My husband, Ed, does most of our grocery shopping. I feel guilty about not sharing the load, so occasionally I offer to go along. "I could do the dry goods, you could do the meat," I tell him.
Turns out, he doesn't like to go grocery shopping with me. He says I take too long.
It's true—I do dally. I peruse the offerings on the seasonal shelves or consider the items that hang invitingly next to the pink confetti frosting in the baking aisle.
I especially enjoy the chromatic array in the produce section. The glossy purple eggplant. The scarlet radishes. The red, green, and yellow peppers stacked together in a bag like the colors in a traffic light. "Stop," they whisper, "look at me."
So I do.
Now, I know that these are calculated strategies by the marketing department. They dangle impulse purchases like low-hanging fruit. They arrange the eggplant to please the eye.
I know I'm being manipulated.
But the kid in me? She just wants to look and look.
My husband, though, is the son of a factory worker at Pontiac Motors. Ed himself did time in the hot, dirty, and dangerous foundry during one summer of his college years. That was enough, he said, to send him back to school.
Of course he just wants to go to the store, get the job done, and go home. Condensation is forming on the waxed carton of milk. The ice cream is melting.
"Keep the line moving," my husband says.
A lot of us in the Detroit area have a punch clock embedded in our minds.
Don't get me wrong. I prize efficiency, too. I worked at a factory in Walled Lake for one summer, operating the injection-mold machines that spat out the plastic toys sold at Kmart.
I was raised by the son of a farmer who had a similar attitude about work. You do your chores as fast as you can because there is always something else that needs to be done. The next row to hoe. The next crop to harvest. Before rain ruins the hay or turns the fields to mud.
My mother, also raised on a Michigan farm, had no patience with woolgathering, either. She needed all of us kids to pick beans in the garden and hull the strawberries she bought by the case. I remember September afternoons when we pulled glass jars of canned tomatoes out of the steaming kettle with the big metal tongs.
I can still hear her voice: "Get your nose out of that book and come help me."
I get it.
Life is hard work. The Protestant work ethic is bred into my bones.
I know that if I want spotless mirrors, I have to get out the Windex and wipe. If I don't want dust bunnies, I have to wrestle the flexible hose of the Dyson into position, thrust it under the bed and suck up the stuff.
"Days of toil, and hours of ease," the old hymn says.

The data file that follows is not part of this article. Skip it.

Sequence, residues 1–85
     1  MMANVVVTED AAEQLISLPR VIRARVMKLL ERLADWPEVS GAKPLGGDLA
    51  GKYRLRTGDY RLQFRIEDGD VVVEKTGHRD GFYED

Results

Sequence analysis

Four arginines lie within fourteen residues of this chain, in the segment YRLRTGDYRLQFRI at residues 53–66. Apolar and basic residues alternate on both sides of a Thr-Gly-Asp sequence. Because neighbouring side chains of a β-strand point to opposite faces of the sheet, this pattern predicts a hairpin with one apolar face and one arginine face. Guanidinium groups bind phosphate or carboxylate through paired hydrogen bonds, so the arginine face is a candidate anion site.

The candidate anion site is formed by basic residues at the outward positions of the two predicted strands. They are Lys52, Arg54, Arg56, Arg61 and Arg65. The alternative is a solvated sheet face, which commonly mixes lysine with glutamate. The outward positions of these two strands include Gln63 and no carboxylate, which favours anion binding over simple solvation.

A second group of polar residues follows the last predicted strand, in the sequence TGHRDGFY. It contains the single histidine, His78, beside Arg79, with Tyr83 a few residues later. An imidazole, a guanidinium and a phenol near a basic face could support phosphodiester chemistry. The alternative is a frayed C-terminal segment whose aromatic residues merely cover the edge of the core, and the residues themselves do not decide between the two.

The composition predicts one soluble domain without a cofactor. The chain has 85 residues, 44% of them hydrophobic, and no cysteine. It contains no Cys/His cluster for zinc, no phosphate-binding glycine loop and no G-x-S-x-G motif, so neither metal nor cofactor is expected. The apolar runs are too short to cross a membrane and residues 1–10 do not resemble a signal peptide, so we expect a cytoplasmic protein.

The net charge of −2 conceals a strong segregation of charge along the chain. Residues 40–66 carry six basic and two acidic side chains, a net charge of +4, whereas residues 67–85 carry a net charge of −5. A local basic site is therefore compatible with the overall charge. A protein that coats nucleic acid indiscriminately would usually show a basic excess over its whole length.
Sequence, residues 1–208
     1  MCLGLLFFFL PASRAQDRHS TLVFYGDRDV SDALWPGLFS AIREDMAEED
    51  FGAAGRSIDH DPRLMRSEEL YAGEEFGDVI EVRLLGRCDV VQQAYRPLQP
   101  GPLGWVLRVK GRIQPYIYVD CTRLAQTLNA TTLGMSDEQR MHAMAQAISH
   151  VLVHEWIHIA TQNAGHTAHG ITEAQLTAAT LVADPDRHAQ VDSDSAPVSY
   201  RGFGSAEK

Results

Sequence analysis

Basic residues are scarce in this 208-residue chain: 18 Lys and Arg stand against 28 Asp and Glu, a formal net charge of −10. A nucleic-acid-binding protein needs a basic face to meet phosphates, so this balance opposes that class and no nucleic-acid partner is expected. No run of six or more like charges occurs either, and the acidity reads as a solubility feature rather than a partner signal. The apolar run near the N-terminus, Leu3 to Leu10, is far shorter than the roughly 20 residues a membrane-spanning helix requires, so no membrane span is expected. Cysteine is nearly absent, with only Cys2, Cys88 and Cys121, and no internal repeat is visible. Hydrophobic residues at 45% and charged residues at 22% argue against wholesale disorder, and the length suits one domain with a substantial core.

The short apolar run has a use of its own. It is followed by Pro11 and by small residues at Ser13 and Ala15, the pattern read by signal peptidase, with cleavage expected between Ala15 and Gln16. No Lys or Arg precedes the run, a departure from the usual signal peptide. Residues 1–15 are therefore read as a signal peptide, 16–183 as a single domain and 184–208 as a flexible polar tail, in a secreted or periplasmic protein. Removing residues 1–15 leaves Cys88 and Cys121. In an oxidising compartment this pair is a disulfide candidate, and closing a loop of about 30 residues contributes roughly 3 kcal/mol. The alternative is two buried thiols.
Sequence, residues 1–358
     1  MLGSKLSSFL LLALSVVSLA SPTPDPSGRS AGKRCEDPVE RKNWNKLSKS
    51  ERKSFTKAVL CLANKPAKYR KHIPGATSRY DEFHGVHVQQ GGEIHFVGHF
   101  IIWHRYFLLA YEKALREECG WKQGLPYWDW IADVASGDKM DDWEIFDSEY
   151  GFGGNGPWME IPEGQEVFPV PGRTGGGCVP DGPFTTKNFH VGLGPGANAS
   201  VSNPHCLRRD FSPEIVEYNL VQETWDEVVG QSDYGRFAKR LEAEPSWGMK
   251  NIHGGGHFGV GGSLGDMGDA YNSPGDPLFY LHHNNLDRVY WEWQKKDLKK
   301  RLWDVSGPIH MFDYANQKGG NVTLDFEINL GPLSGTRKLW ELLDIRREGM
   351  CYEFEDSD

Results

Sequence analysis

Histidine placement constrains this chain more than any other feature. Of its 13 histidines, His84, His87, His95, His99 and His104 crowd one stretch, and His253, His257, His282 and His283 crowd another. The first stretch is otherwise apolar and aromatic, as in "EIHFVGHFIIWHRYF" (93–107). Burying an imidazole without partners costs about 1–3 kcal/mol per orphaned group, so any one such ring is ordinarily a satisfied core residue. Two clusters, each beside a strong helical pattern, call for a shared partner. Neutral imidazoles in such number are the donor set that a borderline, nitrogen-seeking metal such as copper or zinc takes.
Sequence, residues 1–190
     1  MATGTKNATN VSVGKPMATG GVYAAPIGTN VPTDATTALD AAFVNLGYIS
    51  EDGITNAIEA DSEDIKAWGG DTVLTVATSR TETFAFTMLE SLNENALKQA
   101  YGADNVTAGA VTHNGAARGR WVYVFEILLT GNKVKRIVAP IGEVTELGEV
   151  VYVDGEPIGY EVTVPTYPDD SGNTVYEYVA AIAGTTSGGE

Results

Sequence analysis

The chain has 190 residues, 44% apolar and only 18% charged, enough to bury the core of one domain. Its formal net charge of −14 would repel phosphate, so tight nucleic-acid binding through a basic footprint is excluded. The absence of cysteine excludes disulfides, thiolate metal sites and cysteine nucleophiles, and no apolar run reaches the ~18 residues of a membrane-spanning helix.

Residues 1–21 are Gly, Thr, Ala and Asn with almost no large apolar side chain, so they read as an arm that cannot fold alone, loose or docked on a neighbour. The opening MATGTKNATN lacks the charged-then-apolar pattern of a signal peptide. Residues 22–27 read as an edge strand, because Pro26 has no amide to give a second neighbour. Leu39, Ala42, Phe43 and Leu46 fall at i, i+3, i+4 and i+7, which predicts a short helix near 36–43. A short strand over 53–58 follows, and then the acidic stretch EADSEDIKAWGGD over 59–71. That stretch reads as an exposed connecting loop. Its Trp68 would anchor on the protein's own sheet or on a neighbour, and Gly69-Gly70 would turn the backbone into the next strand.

And were it not for Ed's speed, it would take two days instead of one afternoon to clean our house.
Sometimes the kid in me wants to come out and play. To be released from the relentless ticking of the clock. Just to be.
When I was in seminary, I learned that ancient Greek philosophers had two words for time. Chronos was the word for the ordinary, chronological, sequential time under which we labor.
The Greek word, Kairos, meant something else, the crucial or right or opportune moment. In the New Testament, Kairos means "the appointed time in the purpose of God." When God acts in human history to fulfill God's purposes.
Kairos is the word for those mysterious moments when the transcendent breaks into our humdrum existence. When time stands still.
That's why I go to the river.
When I am canoeing, the flow of the water soothes my mind and releases something in my soul. The chatter of "monkey mind" inside my brain ceases.
I can listen. I can see.
The push of the paddle becomes a prayer.
When I get off the river, I feel less burdened. More playful. More whole.
Kairos happens for me sometimes when I am writing, too.
So, if you see me tapping on my keyboard at the library or loitering in the aisles at Meijer, you'll know what's going on.
And, if you see me on the river, for God's sake, don't tell me what time it is or how many miles we have yet to go.
I don't want to know.
I want to stay in the moment when the world stands still, when there is nothing but the rasp of the cattails and the trill of the blackbirds in the marsh. Nothing but the press of the current against my paddle.
I want to be open to what God is doing around me.
May you be given such moments when God breaks in.
Scripture: "The time (Kairos) is fulfilled, and the kingdom of God is at hand." – Mark 1:15 (NRSV).
Playlist: "Down to the River to Pray," Alison Krauss, O Brother, Where Art Thou? 2000.